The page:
Fr Aloysius protested and his protest was so strong that priests were thereafter allowed to stay with the men until their executions and Fr. Aloysius was permitted to accompany Connolly from Dublin Castle, and to be present at Kilmainham with him to the end.

On the morning of 12 May word was sent to Church Street asking Fr Aloysius to go to Dublin Castle to see Connolly. There, he heard Connolly's confession, gave him Holy Communion.

Connolly had requested to see Fr. Aloysius but before going the priest had to promise that he would act only as a priest. 

When Connolly was informed of this by Fr. Aloysius, he said:  “It is as a priest I want to see you. I have seen and heard of the brave conduct of priests and nuns during the week and I believe that they are the best friends of the workers”.

The priest went with Connolly in the ambulance to Kilmainham Gaol and was there when Connolly was executed.

After Connolly’s execution a British captain said: “Fr Aloysius, they are the bravest and cleanest lot of men I have ever met”.

Aloysius concurred that all the men were brave. “They were clean in the eyes of the British captain and they were clean too in the eyes of God".   

He always commented on the faithfulness of those executed: “I think we owe it to the young people of this country to put the spiritual aspect of the lives of these men before them as an ideal to follow”.

Remaining a true man of the working class, Fr. Aloysius later championed the cause of various labour leaders in Dublin. It has also been speculated that he undertook a secret mission to Pope Benedict XV in connection with the Irish struggle, but he made no mention of this in his Witness Statements. 

In 1920, Fr Albert and another Capuchin, Fr Dominic O’Connor, were arrested at the Friary in Church Street. They were taken to Dublin Castle and in January 1921 were courtmartialled for aiding the republican cause.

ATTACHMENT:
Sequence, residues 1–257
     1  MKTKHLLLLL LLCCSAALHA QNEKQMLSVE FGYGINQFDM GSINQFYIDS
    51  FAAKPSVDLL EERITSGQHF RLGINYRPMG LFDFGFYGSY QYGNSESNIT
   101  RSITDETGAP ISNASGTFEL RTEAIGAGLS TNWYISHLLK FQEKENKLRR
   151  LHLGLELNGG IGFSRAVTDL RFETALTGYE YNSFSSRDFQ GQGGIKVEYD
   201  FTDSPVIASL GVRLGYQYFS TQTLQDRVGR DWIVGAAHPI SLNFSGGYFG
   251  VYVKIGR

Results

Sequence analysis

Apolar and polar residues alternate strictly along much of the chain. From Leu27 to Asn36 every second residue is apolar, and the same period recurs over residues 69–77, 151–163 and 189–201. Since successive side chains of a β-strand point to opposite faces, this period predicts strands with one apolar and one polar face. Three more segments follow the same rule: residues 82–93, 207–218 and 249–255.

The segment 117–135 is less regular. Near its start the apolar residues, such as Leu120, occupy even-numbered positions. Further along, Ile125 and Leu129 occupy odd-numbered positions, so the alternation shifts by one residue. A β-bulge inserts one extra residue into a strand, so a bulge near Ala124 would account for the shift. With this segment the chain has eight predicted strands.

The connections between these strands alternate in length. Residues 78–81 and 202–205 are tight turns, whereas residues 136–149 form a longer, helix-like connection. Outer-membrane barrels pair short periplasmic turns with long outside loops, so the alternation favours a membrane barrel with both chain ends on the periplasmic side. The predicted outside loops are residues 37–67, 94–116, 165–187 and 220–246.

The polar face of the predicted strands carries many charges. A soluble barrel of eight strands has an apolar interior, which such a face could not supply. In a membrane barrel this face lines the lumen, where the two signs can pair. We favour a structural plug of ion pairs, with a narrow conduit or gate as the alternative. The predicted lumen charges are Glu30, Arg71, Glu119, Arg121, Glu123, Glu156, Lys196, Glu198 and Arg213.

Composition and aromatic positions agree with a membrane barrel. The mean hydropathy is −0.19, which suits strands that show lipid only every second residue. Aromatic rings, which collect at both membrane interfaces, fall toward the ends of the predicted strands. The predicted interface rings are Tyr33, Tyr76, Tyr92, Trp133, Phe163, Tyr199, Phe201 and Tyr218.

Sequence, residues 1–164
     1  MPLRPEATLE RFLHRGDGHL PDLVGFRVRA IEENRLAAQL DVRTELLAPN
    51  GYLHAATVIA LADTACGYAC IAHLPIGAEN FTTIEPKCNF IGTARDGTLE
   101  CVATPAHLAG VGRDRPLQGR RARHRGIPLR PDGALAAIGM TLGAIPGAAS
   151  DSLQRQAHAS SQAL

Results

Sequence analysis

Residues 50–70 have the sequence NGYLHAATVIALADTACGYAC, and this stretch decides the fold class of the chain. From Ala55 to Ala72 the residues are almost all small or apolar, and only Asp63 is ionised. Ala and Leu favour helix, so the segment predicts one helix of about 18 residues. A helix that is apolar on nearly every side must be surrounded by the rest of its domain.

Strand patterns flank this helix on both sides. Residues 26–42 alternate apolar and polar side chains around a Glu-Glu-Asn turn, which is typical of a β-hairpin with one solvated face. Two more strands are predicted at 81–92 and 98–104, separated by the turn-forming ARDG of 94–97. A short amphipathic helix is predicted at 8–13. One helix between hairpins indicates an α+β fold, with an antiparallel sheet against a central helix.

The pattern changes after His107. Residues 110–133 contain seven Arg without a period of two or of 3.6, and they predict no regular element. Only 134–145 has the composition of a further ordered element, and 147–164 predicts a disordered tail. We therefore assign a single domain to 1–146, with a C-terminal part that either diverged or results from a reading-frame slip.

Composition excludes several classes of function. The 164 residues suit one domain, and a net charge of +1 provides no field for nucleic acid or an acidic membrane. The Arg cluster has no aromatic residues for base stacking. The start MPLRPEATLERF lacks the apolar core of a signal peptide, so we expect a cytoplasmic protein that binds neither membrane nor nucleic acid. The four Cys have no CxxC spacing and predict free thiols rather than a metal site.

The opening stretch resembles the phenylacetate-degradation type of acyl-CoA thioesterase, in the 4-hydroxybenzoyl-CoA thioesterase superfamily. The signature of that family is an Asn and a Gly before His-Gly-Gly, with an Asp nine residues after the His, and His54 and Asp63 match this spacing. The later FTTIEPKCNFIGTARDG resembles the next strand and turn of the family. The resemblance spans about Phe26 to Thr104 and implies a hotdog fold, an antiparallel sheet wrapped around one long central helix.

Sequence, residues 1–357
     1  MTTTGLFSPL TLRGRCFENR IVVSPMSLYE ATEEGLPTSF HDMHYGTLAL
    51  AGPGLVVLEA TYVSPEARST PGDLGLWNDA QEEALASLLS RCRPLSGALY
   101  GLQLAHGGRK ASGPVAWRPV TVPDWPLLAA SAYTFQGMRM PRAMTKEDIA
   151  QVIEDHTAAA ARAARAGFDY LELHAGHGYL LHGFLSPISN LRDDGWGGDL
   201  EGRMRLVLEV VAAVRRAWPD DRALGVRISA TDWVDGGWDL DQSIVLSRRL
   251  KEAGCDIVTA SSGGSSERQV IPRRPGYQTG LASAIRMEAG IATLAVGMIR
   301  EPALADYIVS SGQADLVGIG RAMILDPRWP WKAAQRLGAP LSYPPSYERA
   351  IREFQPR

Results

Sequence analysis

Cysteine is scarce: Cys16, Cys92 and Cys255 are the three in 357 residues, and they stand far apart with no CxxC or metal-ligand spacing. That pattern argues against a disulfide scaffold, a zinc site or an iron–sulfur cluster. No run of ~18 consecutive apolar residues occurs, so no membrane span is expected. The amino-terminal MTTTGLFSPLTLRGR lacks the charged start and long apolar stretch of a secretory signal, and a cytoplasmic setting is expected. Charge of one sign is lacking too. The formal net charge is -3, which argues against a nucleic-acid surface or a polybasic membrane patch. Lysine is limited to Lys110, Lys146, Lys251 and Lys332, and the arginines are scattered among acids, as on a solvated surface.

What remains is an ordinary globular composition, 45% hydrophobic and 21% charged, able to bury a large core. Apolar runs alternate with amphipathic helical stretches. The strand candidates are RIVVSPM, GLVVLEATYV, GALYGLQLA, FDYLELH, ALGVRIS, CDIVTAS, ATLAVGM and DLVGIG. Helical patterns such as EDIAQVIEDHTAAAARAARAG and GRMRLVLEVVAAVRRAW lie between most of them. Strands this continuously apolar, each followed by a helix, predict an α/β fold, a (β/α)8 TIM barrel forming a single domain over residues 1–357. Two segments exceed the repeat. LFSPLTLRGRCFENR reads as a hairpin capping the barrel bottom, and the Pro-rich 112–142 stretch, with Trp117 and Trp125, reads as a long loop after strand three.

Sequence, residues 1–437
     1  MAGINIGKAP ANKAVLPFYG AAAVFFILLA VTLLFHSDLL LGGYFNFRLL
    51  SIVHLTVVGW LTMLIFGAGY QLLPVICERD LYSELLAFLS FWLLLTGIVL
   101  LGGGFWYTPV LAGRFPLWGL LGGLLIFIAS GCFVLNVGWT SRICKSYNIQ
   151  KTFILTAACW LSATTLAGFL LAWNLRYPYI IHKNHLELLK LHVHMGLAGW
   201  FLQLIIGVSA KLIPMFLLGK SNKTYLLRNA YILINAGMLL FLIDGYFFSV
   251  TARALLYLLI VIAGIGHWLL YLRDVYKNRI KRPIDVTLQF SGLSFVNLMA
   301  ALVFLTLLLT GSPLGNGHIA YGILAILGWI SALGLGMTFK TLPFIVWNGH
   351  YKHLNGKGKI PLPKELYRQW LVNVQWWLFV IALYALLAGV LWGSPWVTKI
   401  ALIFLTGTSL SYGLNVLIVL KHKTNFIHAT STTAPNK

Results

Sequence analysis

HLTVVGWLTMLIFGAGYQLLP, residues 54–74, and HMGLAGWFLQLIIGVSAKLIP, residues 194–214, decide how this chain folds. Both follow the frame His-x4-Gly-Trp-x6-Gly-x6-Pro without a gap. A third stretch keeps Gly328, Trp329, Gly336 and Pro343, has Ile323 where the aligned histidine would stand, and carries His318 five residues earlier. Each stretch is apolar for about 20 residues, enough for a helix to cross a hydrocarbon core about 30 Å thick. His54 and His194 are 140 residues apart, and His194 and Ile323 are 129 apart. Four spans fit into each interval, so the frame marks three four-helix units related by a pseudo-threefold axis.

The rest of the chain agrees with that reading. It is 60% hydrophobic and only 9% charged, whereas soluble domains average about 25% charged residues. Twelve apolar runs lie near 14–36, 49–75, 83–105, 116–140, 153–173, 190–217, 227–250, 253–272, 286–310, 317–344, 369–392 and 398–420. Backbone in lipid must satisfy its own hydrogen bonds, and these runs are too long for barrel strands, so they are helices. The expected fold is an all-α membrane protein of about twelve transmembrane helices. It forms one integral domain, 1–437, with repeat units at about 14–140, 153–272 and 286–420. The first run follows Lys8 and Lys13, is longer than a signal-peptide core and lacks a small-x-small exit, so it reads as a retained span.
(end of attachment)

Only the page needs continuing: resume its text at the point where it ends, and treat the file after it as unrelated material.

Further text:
Fr Albert was released, but Fr Dominic was convicted and sentenced to five years in prison, where he remained until his release in 1922 as part of the general amnesty.

(Fr Aloysius prepared another Witness Statement [no. 207] relating the story of their arrest and trial, and that is also mentioned in Fr. Albert's story here and in Fr. Dominic's).

Fr Aloysius continued to work among the poor and working class of Dublin.  

In January 1947, James Larkin was in Meath Hospital, and was visited by an old friend of his, Fr Cormac Daly, OFM.   

Fr Cormac asked Larkin if he was prepared for his last journey, and when Larkin replied “No”, Fr Cormac offered to help. 

Larkin appreciated the gesture but said first he would like, in sympathy with James Connolly, to see the priest who had attended Connolly at his last moments.

Fr Aloysius was ill with the flu at the time, but he went from his sick bed to the Meath Hospital to see Larkin. 

Larkin thought he would wait a day or two to receive the Last Sacraments, but Fr. Aloysius said he might be bed-ridden by then, so Larkin then consented and received the Last Sacraments from him on 24 January.  he died on 29 January. 

Fr. Aloysius had attended both of Dublin’s most noted labour leaders of the early 20th Century at their end.

Fr Aloysius died on 2 May 1957 at the Capuchin Friary of St Mary of the Angels, Church Street, Dublin. He was 89 years old and was a Capuchin for almost 69 of these years. He is buried in Glasnevin Cemetery.  

       (c) 2014 Joe Connell

These articles are abbreviated from "Rebels' Priests - ministering to Republicans, 1916-23" by Joe Connell, published by Kilmainham Tales Teo. Further details here 

To see the other articles in this series go to the
'Priests and Friars' homepage here